Laser photochemotherapy of malignancies may become an effective palliative treatment for advanced had and neck cancer using light-sensitive, chemotherapeutic drugs activated in tumors via interstitial laser fiberoptics. Previously, it was reported that cultured human P3 squamous cells incubated 2 hours with daunomycin (Dn) exhibited tenfold enhanced cytotoxicity after exposure to argon laser light at 514 nm. This short-term uptake leads to drug localization in cytoplasmic and membrane sites prior to nuclear accumulation and daunomycin topoisomerase inhibition. In the current study phototoxicity of Dn-sensitized human cancer cells was tested using broadspectrum white light compared to monochromatic green-wavelength light. Drug uptake and laser energy levels were optimized for maximum synergy. To test light-enhanced chemotherapy in vitro, the kinetics of cell uptake and toxicity of daunomycin was measured at 1, 2, and 5 μg/ml in three human tumor cell lines: P3 squamous-cell carcinoma, M26 melanoma, and TE671 fibrosarcoma. After 2 hr Dn uptake, all cell lines were tested for phototherapy response by exposure to 300- to 900-nm visible light from a xenon lamp or monochromatic 532-nm green light from a KTP laser. When the KTP laser output was varied from 0 to 120 Joules in Dn-sensitized tumor cells, a linear phototherapy response was seen with energy as low as 12 J inducing drug phototoxicity. These results provide evidence that daunomycin cytotoxicity is enhanced when exposed to 532-nm laser illumination in the three tumor types tested and confirm that the response is related to both energy level and drug dose.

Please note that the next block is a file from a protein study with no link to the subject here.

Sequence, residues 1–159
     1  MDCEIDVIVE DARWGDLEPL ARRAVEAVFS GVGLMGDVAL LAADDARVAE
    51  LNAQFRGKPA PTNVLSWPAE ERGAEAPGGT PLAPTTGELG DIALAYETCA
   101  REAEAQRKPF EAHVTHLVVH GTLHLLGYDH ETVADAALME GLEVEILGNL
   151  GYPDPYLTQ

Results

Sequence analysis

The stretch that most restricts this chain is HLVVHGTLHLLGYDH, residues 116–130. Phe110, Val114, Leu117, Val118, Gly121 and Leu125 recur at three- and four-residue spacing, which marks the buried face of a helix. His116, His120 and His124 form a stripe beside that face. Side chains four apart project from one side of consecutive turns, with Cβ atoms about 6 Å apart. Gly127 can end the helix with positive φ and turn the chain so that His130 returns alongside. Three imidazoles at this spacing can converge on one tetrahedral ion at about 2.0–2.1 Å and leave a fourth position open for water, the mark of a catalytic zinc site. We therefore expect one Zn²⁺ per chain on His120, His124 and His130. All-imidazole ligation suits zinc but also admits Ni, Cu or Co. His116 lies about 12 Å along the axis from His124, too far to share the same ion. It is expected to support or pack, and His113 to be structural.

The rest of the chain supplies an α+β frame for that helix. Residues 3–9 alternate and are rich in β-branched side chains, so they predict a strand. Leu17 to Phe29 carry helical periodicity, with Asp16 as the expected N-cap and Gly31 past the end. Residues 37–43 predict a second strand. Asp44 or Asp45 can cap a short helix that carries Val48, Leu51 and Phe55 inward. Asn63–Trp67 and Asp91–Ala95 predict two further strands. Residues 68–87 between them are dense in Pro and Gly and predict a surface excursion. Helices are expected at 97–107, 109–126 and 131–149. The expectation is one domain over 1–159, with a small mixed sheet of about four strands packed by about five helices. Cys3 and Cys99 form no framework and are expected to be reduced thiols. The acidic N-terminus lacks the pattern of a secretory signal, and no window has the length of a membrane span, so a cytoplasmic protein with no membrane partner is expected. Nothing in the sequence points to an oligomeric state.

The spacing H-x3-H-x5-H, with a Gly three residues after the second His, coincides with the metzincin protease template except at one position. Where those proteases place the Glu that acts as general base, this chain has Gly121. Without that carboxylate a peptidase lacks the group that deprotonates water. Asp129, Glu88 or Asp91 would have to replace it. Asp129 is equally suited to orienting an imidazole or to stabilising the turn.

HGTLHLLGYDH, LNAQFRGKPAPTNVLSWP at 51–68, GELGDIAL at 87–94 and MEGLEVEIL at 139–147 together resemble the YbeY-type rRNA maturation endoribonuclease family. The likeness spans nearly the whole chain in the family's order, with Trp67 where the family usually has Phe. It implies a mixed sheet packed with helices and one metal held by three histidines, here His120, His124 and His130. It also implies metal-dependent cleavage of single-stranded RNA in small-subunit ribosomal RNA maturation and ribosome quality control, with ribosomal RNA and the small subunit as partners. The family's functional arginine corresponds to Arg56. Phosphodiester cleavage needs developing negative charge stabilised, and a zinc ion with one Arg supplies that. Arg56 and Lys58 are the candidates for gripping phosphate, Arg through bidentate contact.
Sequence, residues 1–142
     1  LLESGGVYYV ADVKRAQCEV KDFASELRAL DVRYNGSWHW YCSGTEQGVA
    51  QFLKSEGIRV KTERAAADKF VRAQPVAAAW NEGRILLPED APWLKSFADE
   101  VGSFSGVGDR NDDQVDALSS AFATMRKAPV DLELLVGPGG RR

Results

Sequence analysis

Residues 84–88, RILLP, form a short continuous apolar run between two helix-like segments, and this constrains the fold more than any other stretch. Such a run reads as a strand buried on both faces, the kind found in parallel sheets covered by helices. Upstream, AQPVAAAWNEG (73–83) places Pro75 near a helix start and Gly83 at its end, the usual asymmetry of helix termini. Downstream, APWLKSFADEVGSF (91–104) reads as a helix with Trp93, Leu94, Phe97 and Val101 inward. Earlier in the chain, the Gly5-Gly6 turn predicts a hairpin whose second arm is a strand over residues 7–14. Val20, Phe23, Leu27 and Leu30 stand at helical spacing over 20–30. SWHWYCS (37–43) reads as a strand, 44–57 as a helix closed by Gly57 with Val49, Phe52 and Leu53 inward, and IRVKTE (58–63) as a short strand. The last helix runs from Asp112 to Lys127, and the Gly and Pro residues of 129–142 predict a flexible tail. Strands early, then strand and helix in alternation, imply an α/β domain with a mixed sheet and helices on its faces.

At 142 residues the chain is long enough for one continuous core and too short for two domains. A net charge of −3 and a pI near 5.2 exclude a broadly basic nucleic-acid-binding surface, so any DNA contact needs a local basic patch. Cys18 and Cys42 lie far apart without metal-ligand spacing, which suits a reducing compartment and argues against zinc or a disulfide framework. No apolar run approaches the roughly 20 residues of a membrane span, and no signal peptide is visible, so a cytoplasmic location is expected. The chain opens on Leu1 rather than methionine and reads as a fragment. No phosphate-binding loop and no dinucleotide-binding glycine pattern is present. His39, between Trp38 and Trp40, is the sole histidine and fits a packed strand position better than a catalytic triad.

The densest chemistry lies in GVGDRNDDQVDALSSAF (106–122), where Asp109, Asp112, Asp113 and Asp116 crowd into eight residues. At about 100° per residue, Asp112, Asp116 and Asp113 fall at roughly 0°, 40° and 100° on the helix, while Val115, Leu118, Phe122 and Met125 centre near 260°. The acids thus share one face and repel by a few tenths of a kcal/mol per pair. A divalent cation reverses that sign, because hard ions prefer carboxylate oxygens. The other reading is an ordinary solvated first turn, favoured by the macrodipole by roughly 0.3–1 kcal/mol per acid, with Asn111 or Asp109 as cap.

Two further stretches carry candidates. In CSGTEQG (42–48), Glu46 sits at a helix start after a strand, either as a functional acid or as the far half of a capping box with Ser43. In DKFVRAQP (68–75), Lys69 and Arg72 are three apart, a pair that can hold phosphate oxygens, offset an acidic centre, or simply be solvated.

|Original language||English (US)|
|Number of pages||7|
|Journal||Lasers in Surgery and Medicine|
|State||Published - Aug 5 1998|
- KTP laser
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